candles from their head to their feet; he also produced the ring
and the handkerchief, and placed upon the table the nose and
ear-tips he had cut off the robbers.

They tallied with those the Red Knight had shown, and it
was apparent to everybody which had been cut off first.

Everyone believed the prince and saw that the Red Knight
was false. For his trickery he was sentenced to be tied to a
horse's tail and dragged through the streets of the whole town,
then quartered and nailed to the four corners of the town.

The three Hunting Princes married the three daughters of the
king of the town of the Black Sorrow. The youngest prince
married the youngest princess, to whom he was engaged before,
and he became the heir-apparent in the town of Black Sorrow,
and the other two divided their father's realm.

May they be your guests to-morrow !


COMMON woman had a daughter who was a very
good worker, but she did not like spinning ; for this
her mother very often scolded her, and one day got
so vexed that she chased her down the road with the
distaff. As they were running a prince passed by in his carriage.
As the girl was very pretty the prince was very much struck with
her, and asked her mother " What is the matter? " " How can
I help it? 3 ' said the mother, " for, after she has spun everything
that I had, she asked for more flax to spin." " Let her alone,
my good woman," said the prince; " don't beat her. Give her
to me, let me take her with me, I will give her plenty to spin.
My mother has plenty of work that needs to be done, so she can
enjoy herself spinning as much as she likes." The woman gave
her daughter away with the greatest pleasure, thinking that what
she was unwilling to do at home she might be ashamed to shirk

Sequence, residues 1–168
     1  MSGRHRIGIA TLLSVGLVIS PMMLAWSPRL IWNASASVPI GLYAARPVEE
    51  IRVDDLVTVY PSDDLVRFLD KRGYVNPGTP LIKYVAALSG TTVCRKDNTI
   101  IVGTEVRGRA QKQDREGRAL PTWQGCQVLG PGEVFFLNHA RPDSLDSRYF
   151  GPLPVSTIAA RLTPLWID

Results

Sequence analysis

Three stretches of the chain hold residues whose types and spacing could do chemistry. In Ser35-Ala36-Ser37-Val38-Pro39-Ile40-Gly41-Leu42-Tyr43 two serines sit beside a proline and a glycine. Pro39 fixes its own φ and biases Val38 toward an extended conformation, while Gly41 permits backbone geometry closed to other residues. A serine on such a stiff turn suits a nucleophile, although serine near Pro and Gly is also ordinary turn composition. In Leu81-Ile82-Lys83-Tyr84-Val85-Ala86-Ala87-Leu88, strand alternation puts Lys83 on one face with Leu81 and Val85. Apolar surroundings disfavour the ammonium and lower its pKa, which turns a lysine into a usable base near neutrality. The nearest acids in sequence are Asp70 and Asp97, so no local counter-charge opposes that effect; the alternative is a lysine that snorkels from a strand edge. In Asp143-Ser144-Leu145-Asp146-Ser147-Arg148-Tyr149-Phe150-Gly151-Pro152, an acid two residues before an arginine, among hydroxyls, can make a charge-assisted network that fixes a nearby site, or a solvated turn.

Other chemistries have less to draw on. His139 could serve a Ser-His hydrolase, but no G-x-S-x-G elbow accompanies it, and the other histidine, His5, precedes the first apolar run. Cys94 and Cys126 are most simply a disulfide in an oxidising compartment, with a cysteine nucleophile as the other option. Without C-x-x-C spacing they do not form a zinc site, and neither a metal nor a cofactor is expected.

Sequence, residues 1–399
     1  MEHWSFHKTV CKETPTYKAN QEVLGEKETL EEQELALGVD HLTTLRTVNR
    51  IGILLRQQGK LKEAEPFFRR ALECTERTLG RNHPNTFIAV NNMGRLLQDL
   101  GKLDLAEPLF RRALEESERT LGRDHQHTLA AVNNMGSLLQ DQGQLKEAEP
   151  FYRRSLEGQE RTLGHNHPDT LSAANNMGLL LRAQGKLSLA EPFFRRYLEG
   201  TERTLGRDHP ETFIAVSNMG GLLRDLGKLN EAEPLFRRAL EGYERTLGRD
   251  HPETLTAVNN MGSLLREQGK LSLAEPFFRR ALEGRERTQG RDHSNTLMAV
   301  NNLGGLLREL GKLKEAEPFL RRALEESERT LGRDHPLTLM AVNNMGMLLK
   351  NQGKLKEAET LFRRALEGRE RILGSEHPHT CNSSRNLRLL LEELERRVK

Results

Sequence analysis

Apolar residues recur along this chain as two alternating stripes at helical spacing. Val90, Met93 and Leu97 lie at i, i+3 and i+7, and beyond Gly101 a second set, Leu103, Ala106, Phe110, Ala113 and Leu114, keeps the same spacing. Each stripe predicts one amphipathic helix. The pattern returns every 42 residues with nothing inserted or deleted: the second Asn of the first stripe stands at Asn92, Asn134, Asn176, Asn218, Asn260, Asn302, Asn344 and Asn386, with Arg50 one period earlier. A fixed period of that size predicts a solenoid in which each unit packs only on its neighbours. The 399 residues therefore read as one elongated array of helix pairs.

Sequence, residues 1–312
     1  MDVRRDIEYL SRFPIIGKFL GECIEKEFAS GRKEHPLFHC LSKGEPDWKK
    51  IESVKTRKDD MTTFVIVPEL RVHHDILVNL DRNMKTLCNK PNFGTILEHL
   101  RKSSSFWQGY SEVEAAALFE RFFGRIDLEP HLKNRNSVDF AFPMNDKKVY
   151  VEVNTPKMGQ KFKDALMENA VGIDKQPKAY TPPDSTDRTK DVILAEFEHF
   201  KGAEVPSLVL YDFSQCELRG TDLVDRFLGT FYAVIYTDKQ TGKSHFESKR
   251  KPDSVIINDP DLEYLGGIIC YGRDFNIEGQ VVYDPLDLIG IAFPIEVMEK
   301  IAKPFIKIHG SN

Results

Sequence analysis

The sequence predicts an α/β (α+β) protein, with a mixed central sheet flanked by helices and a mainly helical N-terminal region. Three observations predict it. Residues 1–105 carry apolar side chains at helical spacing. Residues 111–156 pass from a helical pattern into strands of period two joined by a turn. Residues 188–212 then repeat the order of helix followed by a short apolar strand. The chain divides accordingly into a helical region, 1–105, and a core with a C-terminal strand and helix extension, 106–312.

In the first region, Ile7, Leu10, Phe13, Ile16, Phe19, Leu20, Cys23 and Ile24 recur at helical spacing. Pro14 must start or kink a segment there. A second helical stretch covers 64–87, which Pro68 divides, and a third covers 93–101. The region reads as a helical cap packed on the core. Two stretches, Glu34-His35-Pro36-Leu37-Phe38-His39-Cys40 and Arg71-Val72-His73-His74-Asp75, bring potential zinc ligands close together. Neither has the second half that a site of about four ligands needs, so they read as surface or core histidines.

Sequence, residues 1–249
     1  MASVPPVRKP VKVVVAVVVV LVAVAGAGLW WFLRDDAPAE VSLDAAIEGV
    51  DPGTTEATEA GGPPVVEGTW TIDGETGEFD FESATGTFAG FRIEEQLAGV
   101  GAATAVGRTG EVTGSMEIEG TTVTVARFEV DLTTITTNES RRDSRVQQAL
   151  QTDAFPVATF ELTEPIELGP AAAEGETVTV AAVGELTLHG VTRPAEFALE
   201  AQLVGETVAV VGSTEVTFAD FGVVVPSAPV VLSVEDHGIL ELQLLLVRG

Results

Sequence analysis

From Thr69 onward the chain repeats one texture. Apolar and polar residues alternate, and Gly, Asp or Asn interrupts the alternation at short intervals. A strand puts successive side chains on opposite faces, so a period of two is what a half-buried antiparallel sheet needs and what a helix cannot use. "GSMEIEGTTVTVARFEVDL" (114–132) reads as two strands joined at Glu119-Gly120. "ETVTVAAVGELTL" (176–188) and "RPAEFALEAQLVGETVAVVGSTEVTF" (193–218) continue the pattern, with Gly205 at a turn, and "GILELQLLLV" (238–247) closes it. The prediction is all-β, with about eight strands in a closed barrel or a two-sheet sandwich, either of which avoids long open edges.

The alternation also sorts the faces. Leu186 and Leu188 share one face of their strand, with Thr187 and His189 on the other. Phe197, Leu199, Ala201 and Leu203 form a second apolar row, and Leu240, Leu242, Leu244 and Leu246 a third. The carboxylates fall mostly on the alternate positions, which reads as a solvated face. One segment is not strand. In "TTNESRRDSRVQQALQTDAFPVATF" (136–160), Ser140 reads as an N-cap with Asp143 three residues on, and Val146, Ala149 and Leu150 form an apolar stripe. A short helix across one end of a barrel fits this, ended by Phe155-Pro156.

in a strange place, and get used to it, and perhaps even become
a good spinster after all. The prince took the girl with him and
put her into a large shed full of flax, and said u If you spin all
you find here during the month you shall be my wife." The
girl seeing the great place full of flax nearly had a fit, as there

was enough to have employed all the girls in the village for the

whole of the winter; nor did she begin to work, but sat down

and fretted over it, and thus three weeks of the month passed by.

In the meantime she always asked the person who took her her

food, " What news there was? '' Each one told her something or

other. At the end of the third week one night, as she was terribly

downcast, suddenly a little man half an ell long, with a beard

one and a-half ells long, slipped in and said, u Why are you

worrying yourself, you good, pretty spinning-girl?" "That's

just what's the matter with me," replied the girl; " I am not a

good spinster, and still they will believe that I am a good spinster,

and that's the reason why I am locked up here." " Don't trouble

about that," said the little man ; "I can help you and will spin

all the flax during the next week if you agree to my proposal

and promise to come with me if you don't find out my name by

the time that I finish my spinning." " That's all right," said

the girl,'*' I will go with you," thinking that then the matter

would be all right. The little dwarf set to work. It happened

during the fourth week that one of the men-servants, who

brought the girl's food, went out hunting with the prince.

One day he was out rather late, and so was very late when

he brought the food. The girl said, "What's the news?"